Enter Chorus, a crowdsourced chat platform
When people talk to the new crowd-powered chat system, called Chorus, using an instant messaging window, they get an experience practically indistinguishable from chatting with a single real person. Yet behind the scenes, each response is the result of tens of people paid a few cents to perform small tasks: including suggesting possible replies and voting for the best suggestions submitted by other workers…
Chorus does that with three simple types of task. First, any new chat updates from the human user are passed along to many crowd workers, who are asked to suggest a reply. Those suggestions are then voted on by crowd workers to determine the one that will be sent back. A final mechanism creates a kind of working memory that ensures that Chorus’s replies reflect the history of the conversation so far, crucial if it is to carry out long conversations—something that is a challenge for apps like Siri and even AI chatbots intended to showcase conversational skills.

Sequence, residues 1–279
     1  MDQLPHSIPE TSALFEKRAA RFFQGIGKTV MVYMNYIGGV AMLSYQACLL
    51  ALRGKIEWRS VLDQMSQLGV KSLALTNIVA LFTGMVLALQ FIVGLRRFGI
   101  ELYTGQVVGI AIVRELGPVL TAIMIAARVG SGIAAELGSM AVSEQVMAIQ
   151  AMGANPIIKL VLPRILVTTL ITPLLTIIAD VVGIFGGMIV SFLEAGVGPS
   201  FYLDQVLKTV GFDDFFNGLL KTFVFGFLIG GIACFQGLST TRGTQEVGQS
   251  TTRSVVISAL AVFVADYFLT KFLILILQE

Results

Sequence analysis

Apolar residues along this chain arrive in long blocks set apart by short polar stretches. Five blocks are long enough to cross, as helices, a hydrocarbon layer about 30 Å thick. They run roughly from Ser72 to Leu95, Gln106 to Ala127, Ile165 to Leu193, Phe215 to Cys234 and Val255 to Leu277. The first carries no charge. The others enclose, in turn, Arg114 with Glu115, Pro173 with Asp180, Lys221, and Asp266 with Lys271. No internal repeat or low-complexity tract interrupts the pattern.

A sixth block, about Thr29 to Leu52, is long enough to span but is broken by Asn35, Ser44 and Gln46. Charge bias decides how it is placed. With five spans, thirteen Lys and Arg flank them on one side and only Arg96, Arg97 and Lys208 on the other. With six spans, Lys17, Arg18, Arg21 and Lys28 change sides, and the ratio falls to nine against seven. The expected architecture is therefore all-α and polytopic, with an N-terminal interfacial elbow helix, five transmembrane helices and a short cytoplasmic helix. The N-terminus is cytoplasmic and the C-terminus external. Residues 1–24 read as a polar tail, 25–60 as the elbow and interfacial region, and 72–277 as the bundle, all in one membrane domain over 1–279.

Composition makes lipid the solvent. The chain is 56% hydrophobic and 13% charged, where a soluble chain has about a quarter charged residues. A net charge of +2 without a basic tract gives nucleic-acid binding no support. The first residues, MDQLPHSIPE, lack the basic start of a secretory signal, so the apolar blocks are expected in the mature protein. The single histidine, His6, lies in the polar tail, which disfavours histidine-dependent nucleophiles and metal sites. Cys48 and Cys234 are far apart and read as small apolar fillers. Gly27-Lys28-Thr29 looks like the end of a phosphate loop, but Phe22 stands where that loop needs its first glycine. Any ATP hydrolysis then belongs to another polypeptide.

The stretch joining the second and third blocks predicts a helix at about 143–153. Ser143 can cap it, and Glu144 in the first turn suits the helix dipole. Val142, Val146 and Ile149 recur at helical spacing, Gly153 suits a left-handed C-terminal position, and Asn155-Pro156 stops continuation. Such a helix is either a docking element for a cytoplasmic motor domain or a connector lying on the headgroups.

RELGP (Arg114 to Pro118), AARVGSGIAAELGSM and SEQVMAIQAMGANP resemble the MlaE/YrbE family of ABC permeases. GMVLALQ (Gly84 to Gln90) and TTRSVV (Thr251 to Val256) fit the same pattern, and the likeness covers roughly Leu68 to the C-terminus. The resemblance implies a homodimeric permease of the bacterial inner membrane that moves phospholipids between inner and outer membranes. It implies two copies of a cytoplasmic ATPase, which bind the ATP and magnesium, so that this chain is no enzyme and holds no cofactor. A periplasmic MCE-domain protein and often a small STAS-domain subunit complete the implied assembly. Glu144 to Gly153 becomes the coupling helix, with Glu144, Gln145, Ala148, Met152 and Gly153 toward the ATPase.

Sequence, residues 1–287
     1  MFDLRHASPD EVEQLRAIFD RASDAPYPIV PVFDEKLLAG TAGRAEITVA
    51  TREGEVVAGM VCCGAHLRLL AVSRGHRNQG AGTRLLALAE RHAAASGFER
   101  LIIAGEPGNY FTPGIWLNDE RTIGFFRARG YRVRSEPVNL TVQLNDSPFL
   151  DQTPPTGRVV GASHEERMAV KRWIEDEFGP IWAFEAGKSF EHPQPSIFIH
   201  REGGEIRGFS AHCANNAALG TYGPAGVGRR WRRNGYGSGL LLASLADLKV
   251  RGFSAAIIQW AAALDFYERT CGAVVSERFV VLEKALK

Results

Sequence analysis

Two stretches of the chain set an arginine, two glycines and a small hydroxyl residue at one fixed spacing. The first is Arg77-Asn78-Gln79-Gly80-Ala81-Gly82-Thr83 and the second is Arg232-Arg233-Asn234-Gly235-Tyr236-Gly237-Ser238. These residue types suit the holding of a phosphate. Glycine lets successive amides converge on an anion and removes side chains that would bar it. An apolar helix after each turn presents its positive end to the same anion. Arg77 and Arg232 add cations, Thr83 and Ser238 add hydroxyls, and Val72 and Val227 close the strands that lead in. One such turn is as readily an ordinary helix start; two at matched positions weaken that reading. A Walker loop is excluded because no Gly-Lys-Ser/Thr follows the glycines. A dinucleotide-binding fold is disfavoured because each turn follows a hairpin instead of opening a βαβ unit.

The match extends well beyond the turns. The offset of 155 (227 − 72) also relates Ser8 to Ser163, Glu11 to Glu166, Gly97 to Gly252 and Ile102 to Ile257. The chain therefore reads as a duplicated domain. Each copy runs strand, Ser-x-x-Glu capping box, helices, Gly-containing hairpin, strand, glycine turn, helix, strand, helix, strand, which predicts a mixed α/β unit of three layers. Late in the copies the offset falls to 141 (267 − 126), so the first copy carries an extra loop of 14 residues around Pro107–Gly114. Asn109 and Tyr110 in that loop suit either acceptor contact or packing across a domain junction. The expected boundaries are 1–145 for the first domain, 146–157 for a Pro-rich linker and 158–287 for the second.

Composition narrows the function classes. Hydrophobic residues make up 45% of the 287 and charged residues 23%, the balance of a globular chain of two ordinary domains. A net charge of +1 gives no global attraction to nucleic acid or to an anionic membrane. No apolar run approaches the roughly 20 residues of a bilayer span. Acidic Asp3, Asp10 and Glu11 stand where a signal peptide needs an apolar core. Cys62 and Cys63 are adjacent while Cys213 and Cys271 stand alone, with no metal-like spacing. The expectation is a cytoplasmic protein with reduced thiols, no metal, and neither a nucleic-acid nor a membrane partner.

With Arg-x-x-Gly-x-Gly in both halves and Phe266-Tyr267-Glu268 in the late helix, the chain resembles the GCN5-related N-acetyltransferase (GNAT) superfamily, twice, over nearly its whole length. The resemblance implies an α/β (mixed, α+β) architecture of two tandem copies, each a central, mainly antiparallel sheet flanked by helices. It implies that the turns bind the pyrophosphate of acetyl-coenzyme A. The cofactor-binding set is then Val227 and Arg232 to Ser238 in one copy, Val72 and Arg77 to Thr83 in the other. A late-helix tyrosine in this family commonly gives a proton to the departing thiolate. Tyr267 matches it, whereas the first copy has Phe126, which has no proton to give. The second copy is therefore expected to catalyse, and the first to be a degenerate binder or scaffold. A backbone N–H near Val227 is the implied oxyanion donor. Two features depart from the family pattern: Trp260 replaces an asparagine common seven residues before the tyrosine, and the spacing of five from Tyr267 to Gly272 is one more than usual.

For the working memory component, crowd members are asked to maintain a short running list of the eight most important snippets of information under discussion, to be used as a reference when workers suggest replies.
This is important, as to allow for the natural turnover of crowdsourcing workers. “A single person may not be around for the duration of the conversation—they come and go, and some may contribute more than others,” says Bigham.
Bigham says Chorus has the potential to be more than just a neat demonstration. “We definitely want to start embedding it into real systems,” he says. “Perhaps you could help someone with cognitive impairment by having a crowd as a personal assistant.” Another possibility is to combine Chorus with another system previously developed at Rochester, which has crowd workers collaborate to steer a robot. “Could you create a robot this way that can drive around and interact intelligently with humans?” asks Bigham.